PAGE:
The factory occupations. Their antecedents. On June 18th the metalworkers demanded economic improvements relative to the rise in the cost of living. Negotiations, proposals, and counterproposals. On August 13th, break-down of the negotiations. On August 21st obstructionism begins. On August 30th the Romeo Factory of Milan, with close to 2,000, declared a lock-out* Immediately after, 300 factories were taken over in Milan. Immediately, the movement spread to all of Italy.

Aspects of the occupation's internal regime. The carrying out of work. The discipline. The financing of the works. Vigilance. The governmental attitude. The owners demanded the eviction of the workers by force. The debate between the General Confederation on Labor and the Socialist Party. The prevailing by the Confederation's thesis. The control of the factories. The government's intervention. Meeting of workers and bosses, presided over by Giolitti, on September 15th in Turin. Subjection of the industrialists. The negotiations with the industrialists about pay for the days of work. Pay of the agreed-upon increases from July 25th to August. The government's decree. The Metallurgical Congress approved the agreement. It was ratified with a referendum. 148,000 votes against 42,000. September 24th.

Later, the Livorna Congress.

Thus ended the revolutionary period and began the reactionary period.

Fascism is the reaction. However, it accelerates the revolutionary process because it destroys the democratic institutions. Fascism has devalued parliament and suffrage. Fascism has shown the path of dictatorship and violence. Earlier, democracy raised its characteristic institutions in opposition to bolshevism: parliament and universal suffrage. Now, the bourgeoisie discredits both institutions. We have just seen, in Spain, a likewise anti-parliamentarian military movement.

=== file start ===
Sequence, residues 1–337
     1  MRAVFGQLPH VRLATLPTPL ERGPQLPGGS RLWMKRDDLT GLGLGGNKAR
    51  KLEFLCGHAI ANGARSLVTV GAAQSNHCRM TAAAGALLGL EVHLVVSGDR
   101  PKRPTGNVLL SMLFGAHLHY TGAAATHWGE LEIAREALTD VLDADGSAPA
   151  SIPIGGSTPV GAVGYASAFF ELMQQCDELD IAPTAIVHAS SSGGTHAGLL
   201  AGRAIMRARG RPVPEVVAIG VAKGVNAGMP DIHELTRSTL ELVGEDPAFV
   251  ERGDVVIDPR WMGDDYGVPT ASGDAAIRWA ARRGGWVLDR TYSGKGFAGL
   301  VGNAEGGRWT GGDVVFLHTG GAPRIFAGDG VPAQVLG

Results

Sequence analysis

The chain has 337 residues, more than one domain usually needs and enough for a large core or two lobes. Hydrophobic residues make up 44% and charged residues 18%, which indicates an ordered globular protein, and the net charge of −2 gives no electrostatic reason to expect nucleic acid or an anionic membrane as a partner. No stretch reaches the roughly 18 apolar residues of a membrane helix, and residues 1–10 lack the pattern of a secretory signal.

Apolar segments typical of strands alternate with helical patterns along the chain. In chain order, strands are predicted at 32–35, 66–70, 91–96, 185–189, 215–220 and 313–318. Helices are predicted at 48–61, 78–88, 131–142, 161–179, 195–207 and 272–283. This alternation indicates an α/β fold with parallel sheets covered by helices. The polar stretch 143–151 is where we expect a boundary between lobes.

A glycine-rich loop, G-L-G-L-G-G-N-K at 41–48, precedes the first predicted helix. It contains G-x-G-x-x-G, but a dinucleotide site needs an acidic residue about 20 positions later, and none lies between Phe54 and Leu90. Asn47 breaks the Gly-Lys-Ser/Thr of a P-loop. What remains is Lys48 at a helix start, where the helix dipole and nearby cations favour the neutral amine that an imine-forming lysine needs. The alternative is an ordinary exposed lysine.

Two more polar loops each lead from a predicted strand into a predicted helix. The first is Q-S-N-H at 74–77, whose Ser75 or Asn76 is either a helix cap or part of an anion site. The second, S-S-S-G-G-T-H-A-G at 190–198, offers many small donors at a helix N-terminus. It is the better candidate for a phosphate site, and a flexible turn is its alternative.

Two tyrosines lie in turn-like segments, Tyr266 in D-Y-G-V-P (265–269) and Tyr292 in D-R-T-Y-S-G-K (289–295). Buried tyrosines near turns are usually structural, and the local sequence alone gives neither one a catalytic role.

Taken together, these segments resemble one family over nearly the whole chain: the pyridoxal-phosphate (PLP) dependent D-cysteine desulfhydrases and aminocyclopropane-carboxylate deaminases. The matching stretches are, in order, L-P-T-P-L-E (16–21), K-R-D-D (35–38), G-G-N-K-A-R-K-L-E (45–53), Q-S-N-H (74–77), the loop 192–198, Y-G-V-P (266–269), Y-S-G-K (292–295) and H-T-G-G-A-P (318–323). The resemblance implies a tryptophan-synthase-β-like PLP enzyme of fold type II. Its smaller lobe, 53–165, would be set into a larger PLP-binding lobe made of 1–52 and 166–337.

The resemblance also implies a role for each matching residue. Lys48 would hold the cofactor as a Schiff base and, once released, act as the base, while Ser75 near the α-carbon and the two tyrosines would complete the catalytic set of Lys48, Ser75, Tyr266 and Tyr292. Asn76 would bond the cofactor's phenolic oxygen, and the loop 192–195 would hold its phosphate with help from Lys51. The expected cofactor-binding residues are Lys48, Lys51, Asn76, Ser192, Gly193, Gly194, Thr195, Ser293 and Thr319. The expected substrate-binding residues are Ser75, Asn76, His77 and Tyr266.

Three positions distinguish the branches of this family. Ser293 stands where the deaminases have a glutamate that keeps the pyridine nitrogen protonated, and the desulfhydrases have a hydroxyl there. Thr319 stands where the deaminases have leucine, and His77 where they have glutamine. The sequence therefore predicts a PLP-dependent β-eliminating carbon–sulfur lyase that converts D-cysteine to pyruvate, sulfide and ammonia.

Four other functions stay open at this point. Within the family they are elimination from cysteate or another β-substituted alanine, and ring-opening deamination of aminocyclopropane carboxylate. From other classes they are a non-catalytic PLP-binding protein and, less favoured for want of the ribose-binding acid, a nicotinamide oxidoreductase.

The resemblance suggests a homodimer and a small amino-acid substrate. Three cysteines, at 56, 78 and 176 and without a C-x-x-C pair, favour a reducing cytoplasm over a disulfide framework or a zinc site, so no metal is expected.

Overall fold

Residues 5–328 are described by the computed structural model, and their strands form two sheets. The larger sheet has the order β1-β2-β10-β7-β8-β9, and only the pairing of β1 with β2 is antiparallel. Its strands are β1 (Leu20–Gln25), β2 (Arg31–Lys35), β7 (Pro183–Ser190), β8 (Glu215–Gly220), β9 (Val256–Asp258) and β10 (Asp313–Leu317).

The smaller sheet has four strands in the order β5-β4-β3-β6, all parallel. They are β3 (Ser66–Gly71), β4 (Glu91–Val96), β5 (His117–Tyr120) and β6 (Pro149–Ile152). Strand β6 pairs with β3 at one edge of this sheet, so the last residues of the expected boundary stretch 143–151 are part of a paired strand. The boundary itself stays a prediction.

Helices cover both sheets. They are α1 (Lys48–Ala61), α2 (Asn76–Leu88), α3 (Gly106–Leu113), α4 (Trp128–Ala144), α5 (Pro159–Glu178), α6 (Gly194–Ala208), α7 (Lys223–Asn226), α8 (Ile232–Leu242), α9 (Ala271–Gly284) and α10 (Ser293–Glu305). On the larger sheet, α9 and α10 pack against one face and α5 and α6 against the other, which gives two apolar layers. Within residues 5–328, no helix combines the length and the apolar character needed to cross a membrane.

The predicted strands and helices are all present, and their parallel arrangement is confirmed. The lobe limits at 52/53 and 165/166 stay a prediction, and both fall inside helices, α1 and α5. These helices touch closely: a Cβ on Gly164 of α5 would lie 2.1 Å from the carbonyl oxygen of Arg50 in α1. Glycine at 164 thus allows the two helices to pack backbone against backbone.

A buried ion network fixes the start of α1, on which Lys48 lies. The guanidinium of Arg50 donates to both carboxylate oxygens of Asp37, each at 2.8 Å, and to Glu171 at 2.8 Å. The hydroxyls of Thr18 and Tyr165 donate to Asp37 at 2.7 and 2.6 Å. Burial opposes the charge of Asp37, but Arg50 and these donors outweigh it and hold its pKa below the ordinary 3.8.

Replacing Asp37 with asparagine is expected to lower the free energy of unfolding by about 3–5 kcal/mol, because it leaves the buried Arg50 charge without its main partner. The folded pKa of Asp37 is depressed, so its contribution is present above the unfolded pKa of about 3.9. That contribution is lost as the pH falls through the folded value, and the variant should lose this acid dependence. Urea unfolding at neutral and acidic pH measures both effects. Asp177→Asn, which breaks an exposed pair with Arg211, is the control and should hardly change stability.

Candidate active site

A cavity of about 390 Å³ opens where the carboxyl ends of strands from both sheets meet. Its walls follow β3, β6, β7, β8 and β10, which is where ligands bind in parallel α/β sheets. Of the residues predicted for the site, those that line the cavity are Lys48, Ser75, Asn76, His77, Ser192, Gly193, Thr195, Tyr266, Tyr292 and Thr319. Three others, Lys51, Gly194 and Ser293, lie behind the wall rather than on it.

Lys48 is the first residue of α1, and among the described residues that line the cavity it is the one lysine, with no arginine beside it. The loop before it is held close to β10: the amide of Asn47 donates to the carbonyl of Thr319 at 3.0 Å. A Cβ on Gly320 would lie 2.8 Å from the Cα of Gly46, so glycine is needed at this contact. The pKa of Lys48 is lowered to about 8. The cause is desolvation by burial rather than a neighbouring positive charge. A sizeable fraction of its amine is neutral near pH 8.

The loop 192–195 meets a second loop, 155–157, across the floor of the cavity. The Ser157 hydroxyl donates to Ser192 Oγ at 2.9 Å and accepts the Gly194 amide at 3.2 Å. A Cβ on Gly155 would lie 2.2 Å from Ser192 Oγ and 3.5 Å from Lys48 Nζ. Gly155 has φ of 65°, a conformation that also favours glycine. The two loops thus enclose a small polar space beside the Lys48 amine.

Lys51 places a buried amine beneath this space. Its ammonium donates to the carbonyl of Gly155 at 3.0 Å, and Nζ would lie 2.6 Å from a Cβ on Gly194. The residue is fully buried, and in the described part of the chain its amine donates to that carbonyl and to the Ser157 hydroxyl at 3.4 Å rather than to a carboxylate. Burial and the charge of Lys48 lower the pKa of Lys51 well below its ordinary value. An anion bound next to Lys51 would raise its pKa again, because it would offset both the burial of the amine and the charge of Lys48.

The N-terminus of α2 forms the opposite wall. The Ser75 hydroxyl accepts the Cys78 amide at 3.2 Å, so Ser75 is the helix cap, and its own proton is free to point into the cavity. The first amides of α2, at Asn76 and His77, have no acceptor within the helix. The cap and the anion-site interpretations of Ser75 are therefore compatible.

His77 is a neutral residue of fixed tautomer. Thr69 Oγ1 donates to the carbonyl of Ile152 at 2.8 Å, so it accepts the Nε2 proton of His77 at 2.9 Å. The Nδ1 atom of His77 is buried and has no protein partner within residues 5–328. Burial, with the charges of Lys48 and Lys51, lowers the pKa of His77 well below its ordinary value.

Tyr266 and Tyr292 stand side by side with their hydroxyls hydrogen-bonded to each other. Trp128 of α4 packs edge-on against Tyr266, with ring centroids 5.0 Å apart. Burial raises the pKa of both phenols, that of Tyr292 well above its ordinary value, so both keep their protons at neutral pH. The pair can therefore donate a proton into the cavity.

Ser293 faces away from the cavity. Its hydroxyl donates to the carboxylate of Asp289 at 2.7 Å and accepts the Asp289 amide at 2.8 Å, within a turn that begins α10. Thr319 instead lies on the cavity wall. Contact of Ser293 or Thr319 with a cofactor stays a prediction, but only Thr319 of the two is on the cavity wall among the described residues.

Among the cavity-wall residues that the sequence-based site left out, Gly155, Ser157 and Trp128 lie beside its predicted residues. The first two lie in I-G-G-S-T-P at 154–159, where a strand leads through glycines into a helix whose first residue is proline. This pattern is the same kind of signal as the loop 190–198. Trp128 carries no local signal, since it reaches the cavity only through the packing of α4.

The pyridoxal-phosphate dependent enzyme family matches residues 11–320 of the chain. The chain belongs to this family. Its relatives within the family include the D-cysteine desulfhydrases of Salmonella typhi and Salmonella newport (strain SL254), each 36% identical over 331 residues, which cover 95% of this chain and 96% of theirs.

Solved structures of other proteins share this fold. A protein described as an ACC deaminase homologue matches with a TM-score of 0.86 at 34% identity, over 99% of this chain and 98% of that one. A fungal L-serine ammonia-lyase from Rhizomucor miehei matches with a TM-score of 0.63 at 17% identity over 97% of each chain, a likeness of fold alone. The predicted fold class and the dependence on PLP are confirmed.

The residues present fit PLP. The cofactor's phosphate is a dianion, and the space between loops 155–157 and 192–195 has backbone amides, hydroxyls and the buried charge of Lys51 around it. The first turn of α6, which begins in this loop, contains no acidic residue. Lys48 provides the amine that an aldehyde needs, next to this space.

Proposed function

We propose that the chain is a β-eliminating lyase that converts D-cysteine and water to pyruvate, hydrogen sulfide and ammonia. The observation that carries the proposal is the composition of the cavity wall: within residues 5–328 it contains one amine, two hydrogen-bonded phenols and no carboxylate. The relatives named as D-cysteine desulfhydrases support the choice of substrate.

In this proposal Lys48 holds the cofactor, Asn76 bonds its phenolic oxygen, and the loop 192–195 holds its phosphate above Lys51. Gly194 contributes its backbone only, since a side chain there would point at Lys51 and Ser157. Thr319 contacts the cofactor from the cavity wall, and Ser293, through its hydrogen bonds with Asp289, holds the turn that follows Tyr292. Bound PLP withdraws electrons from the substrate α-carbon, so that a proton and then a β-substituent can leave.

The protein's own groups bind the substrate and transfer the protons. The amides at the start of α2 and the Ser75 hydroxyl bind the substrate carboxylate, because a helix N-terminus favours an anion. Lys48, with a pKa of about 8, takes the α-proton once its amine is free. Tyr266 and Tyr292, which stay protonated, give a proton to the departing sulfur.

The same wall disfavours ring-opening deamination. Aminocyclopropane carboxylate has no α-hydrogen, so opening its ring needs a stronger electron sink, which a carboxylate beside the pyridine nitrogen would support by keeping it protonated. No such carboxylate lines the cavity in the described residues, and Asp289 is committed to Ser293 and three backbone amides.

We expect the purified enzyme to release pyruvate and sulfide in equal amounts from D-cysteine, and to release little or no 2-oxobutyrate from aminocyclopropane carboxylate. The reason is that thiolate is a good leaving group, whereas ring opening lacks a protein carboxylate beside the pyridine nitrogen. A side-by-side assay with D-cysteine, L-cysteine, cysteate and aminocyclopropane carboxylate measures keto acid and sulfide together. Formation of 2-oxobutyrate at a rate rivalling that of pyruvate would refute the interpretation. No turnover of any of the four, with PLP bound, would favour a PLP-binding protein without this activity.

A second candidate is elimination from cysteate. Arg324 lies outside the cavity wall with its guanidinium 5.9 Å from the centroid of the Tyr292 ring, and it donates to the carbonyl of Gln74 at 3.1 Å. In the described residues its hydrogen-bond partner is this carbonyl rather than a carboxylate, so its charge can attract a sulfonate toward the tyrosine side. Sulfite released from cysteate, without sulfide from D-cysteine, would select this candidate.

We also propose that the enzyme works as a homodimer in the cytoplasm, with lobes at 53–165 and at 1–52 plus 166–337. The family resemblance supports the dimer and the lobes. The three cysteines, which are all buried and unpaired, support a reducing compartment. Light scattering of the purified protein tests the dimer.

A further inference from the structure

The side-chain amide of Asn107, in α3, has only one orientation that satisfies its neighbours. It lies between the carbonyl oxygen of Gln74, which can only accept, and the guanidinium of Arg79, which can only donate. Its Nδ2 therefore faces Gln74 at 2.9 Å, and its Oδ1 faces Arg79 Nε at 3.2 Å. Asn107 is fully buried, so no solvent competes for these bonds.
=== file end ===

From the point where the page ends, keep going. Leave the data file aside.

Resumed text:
Is the united front of the bourgeoisie possible? Yes, but only provisionally, only while a decisive assault by the revolution is forestalled. Later, each of the bourgeoisie's groups tries to regain its autonomy. Woe to the proletariat if the bourgeoisie were to be inspired by a single ideology and a single interest. With the bourgeoisie there exist contrasts of ideology and interests, contrasts that nothing can suppress. The radical, democratic, liberal, elements of the bourgeoisie, which are thus due to psychology and position in society, can consent temporarily to a conservative reaction absorbing them, but tend, immediately, toward re-establishing the old balance. Why? Because a united front is built on the basis a capitulation of the democratic and reformist ideals to the conservative ideals. It is not made on the basis of a transaction, but on the basis of a renunciation. There are capitalist elements, men of the bourgeoisie, who believe that a social transformation is necessary and that a dictatorially reactionary regime cannot last without exasperating the revolution and increasing its destructive impetus. Nitti, Caileaux, Walter Rathenau. Thus, the united front cannot be long-lasting; it would, in addition, provoke the united front of the proletariat.

The Western world is debated in this chaos, in this conflict. Its political institutions do not correspond to new economic reality. A part of its conservative forces speak out for a program of audacious reforms which would gradually transform society. Another fears that the concessions to the revolution, once begun, would be impossible to stop. And they, therefore, attempt to resist. The proletariat needs to attentively follow this conflict's progress.


* The words "lock out" appeared in English in the original. -Trans.